America lost one of its best public interest agitators last week, and I can’t let him go without a tip of the hat. David Freeman was not a household name, but he certainly was a household hero – a smart, tenacious champion for consumers, clean energy, and common sense over the price gouging, pollution, and general greed of Big Energy.
A top energy policy shaper under three presidents, he went on in the next four decades to be a pioneering, rock-the-boat reformer as head of the Tennessee Valley Authority, New York Power, Texas’ Lower Colorado River Authority, Sacramento Municipal Utility, and Los Angeles Water & Power. At these massive, hidebound, often-corrupt elective utilities, Freeman pushed through democratic reforms, installed pollution controls, abandoned filthy coal-fired projects, and stopped development of nuclear reactors.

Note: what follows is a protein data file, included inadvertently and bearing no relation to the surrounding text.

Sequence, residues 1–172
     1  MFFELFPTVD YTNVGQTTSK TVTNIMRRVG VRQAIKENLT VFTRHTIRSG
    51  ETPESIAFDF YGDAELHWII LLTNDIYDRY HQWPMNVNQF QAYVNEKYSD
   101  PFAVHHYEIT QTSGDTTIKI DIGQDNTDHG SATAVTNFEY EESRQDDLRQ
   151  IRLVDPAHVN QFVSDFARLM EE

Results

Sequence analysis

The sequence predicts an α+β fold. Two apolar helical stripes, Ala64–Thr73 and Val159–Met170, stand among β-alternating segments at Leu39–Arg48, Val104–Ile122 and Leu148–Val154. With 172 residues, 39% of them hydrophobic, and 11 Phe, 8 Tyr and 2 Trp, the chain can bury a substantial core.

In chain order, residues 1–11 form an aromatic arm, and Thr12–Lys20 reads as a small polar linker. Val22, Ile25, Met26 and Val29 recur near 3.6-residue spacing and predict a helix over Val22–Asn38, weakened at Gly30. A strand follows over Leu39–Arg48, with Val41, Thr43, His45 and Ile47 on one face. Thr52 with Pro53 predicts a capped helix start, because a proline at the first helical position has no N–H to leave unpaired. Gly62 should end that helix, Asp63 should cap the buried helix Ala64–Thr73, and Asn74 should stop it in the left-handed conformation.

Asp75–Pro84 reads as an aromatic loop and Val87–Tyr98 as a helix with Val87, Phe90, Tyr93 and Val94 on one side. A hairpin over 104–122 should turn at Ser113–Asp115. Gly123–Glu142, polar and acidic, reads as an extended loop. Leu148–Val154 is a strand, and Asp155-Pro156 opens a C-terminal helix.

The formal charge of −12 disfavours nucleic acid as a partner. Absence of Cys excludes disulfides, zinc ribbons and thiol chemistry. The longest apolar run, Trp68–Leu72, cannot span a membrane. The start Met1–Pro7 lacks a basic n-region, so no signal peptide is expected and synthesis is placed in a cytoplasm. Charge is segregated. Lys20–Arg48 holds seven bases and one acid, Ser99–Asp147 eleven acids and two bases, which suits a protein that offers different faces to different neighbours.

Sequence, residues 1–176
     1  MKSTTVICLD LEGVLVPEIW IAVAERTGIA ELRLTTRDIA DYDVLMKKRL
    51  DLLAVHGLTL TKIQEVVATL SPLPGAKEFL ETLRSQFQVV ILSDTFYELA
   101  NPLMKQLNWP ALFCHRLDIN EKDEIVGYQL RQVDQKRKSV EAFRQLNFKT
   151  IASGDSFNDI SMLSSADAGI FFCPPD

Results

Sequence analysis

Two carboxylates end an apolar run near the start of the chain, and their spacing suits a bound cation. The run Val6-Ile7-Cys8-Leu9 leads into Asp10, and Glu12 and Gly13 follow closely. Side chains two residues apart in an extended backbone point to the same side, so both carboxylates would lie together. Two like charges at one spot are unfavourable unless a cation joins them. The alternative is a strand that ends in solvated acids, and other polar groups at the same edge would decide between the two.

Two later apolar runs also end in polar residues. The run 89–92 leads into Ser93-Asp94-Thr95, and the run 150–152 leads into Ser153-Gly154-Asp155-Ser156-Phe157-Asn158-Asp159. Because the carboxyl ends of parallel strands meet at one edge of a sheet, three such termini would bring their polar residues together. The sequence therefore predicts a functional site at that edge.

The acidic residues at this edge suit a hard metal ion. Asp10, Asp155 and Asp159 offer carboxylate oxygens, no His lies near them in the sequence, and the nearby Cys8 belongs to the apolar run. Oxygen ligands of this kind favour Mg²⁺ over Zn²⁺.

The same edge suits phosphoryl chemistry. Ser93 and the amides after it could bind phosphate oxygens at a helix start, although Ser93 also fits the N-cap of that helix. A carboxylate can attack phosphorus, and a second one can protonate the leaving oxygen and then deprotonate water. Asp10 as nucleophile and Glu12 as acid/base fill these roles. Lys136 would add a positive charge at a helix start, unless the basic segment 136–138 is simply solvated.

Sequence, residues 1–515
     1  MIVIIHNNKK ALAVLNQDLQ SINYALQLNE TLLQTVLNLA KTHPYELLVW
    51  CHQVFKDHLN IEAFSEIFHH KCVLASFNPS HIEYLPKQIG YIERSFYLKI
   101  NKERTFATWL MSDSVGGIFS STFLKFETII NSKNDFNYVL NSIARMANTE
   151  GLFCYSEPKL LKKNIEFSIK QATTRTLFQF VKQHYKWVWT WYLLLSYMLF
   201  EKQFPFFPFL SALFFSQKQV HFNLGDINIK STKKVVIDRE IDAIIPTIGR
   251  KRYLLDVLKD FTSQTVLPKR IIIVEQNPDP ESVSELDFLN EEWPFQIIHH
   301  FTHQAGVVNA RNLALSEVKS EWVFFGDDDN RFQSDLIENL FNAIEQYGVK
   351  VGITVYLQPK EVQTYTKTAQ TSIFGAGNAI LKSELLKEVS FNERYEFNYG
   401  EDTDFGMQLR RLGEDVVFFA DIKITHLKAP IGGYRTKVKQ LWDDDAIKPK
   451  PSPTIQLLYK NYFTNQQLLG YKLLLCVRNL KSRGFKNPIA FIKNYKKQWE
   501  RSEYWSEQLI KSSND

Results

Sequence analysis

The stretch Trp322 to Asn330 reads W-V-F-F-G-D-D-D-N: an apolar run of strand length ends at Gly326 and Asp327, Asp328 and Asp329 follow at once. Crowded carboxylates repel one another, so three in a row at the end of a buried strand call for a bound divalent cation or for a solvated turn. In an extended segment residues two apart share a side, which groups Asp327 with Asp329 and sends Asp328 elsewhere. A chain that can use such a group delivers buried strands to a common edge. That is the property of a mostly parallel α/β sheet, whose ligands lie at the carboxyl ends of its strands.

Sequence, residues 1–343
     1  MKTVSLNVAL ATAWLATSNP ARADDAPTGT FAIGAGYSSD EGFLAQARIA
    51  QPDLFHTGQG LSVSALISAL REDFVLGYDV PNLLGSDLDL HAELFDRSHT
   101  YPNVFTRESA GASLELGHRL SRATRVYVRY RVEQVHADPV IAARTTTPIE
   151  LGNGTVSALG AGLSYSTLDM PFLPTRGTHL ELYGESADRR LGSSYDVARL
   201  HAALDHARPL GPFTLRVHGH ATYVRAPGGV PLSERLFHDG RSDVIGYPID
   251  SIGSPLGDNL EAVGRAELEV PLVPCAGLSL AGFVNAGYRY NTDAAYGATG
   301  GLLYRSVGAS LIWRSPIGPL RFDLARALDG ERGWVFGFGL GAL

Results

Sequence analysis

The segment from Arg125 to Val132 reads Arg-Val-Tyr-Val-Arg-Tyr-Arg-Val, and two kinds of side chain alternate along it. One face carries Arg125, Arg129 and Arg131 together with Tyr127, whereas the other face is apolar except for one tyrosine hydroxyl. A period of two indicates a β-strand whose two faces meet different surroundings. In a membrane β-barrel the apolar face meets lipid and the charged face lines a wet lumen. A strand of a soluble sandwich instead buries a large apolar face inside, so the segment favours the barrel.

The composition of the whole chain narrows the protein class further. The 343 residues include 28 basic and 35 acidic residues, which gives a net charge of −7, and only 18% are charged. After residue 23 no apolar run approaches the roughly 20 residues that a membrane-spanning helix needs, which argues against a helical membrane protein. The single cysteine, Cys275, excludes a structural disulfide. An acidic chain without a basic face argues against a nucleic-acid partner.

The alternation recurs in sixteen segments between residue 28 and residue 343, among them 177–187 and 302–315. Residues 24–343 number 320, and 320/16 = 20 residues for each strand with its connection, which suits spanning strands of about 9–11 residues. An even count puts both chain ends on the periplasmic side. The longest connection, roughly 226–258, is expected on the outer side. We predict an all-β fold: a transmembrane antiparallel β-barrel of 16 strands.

Also – way ahead of this time – he actively promoted wind, solar, electric cars, and conservation at every stop. In the 1970s, for example, to the shock of the nation’s power establishment, this maverick declared he wanted “to hook TVA customers to the sun,” and by 1992 he was a leader on the then-fringy politics of climate change, declaring that “The planet cannot afford the continued or increased production of coal or oil.”
Of course, he was despised by the corporate interests and their politicians. “I’ve been called a lot of bad things,” he said not long ago, but “I don’t feel like I’m making my case if I don’t have somebody pissed off at me.”
David Freeman’s rebellious, hard-working heart gave out at 94, but not his public-minded spirit and feistiness, which he passed on to all of us who will now press ahead in his footsteps.